Top tips for finding and forming mentorships from a career expert
Whether or not mentorships takes place formally or informally, research says that they can be highly beneficial for both mentor and mentee. It’s unsurprising why 70% of Fortune 500 companies offer some form of a mentoring programme.
Mentorships see a more experienced person (a mentor) sharing their knowledge, advice, and skills or experience with someone less experienced (a mentee) to help them progress personally and/or professionally.
The 2016 Deloitte Millennial Survey: Winning over the next generation of leaders report, for instance, found that six in 10 millennials benefit from having somebody to turn to for advice, or who helps develop their leadership skills.
It’s not just younger cohorts of staff who benefit from mentorships but also professionals from across the board.
Deloitte Global CEO Punit Renjen was quoted saying in the report: “There is really no secret (to success) and there surely are no shortcuts. In my case, it was a pretty simple equation: hard work + some lucky breaks + great mentors.”
These relationships are also useful for graduate students.
“Research shows that mentees generally perform better in their programmes and after they get out of school” than students without mentors, said W. Brad Johnson, PhD, a psychology professor at the US Naval Academy and author of books about mentoring, via the American Psychological Association (APA).
“Students tend to get tied into the mentor’s network of colleagues, and that creates more open doors.”
Graduate students with mentors are also likely to be more satisfied with their programmes, be more involved in professional organisations and have a stronger sense of professional identity, said Johnson.
Similarly, WHU – Otto Beisheim School of Management MBA Careers Center director Dr Christine Menges echoed the benefits of a mentoring programme, adding that they are great for graduate students’ career and personal development.
“I’ve seen it many times how people have grown not just personally, but also professionally, so I do strongly believe in mentoring programmes. Everyone should have access to mentors in one way or another,” she the career development and mentoring expert via a Zoom interview with U2B.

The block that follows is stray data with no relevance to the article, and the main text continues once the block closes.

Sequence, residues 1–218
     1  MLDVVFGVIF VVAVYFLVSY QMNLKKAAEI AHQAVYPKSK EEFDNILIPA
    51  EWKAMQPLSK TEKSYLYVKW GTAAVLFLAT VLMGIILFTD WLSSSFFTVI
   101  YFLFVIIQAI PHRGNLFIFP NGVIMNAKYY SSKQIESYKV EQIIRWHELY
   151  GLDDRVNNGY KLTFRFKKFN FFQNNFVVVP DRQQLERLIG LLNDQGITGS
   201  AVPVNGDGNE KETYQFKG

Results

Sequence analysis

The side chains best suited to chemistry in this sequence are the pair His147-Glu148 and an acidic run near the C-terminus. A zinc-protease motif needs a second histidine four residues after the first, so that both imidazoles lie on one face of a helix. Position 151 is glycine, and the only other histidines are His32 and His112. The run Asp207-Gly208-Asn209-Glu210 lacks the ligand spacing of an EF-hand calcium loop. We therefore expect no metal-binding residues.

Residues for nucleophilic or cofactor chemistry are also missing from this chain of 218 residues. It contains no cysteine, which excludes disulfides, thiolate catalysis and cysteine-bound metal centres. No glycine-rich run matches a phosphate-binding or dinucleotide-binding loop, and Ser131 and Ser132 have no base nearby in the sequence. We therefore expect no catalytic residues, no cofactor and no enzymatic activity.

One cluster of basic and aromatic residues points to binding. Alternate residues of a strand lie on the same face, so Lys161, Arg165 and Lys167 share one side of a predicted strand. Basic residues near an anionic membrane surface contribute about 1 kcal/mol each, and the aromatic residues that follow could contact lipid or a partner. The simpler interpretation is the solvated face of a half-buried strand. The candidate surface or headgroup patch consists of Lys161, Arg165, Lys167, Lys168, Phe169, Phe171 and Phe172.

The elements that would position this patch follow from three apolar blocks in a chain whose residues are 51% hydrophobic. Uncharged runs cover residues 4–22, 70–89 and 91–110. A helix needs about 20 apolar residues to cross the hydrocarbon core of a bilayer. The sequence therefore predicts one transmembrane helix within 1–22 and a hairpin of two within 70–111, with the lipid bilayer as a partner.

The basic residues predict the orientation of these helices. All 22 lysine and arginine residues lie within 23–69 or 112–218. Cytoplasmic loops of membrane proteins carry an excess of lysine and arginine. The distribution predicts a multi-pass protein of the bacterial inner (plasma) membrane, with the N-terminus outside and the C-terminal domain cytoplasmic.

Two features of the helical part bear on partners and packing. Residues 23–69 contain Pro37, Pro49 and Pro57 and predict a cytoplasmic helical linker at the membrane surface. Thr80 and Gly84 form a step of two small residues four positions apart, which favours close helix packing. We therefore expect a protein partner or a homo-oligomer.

Finding the right mentor
Seeing the benefits of mentorships, how can graduate students find the right mentors?
One of the easiest ways to do so is to be part of a formal mentoring programme. If there are no such programmes available, students can seek out mentors themselves.
Dr Menges’ advice is to think clearly about what you want to achieve by having a mentor before looking for someone.
For instance, do you hope to gain industry insights from your mentor? Do you want to explore the type of job function that would be relevant to you? Do you hope to get some feedback on your working style?
Once you’ve identified your goal, consider looking into your past as to who could be a potential mentor as that would be easier than reaching out to a stranger. This could be a teacher, a trainer or coach, someone you met from volunteer work, or even a boss or supervisor whom you found inspiring.
“Reach out to them and tell them that you’re looking for support,” she said, adding that it’s also important to be specific about what you’re looking for.
You might not want to start off by saying, “I want you to be my mentor” when connecting with them as that can be overwhelming.
Instead, you could say that you’re looking for advice, for instance, about a specific industry or sector before pursuing your studies in the field and that you would like to have a conversation with them to explore it.
After the conversation, you could share that you’ve benefited from their advice and would like to have it on a regular basis. You could propose a mentoring relationship where you set goals and have an agenda for each meeting, as well as a guideline over what’s expected, to make it effective.
What mentees should know
It’s important to set an end date for mentorships. For example, after six months, both mentor and mentee can assess whether or not to continue their mentoring relationship.
It’s worth highlighting that mentoring is not a one-way street. A mentor shares their time and expertise with a mentee, who in return should also think of ways they can give back.
Dr Menges explained that many students make the mistake of thinking that they have nothing to offer or contribute to their mentors, but there are many ways of doing so.
This could be something as simple as liking the content they wrote on LinkedIn, sharing and commenting on their blogs and posts, or even sharing links to articles that they might find useful.
Current students at the forefront of knowledge, learning case studies and up-to-date research on specific topics, and thus are in a good position to share articles with people whom you’d like to have as a mentor.
“So give them something to help them to get ahead as well,” said Dr Menges. “Always think from the perspective of not just taking information, but giving and sharing information. This kind of give and take relationship is really, really important.”
Mentorships often take more time than students might think and requires dedication and motivation to continue. It’s also important to be open to constructive feedback as you’ll not always receive feedback you want to hear.
Despite that, it’s important as a mentee to be open to it in order to learn and grow.
At the end of the day, having a mentor isn’t about ticking a box because everyone says you should have a mentor. It’s also essential to draw and make decisions from what you plan to do with this feedback, later on, explained Dr Menges.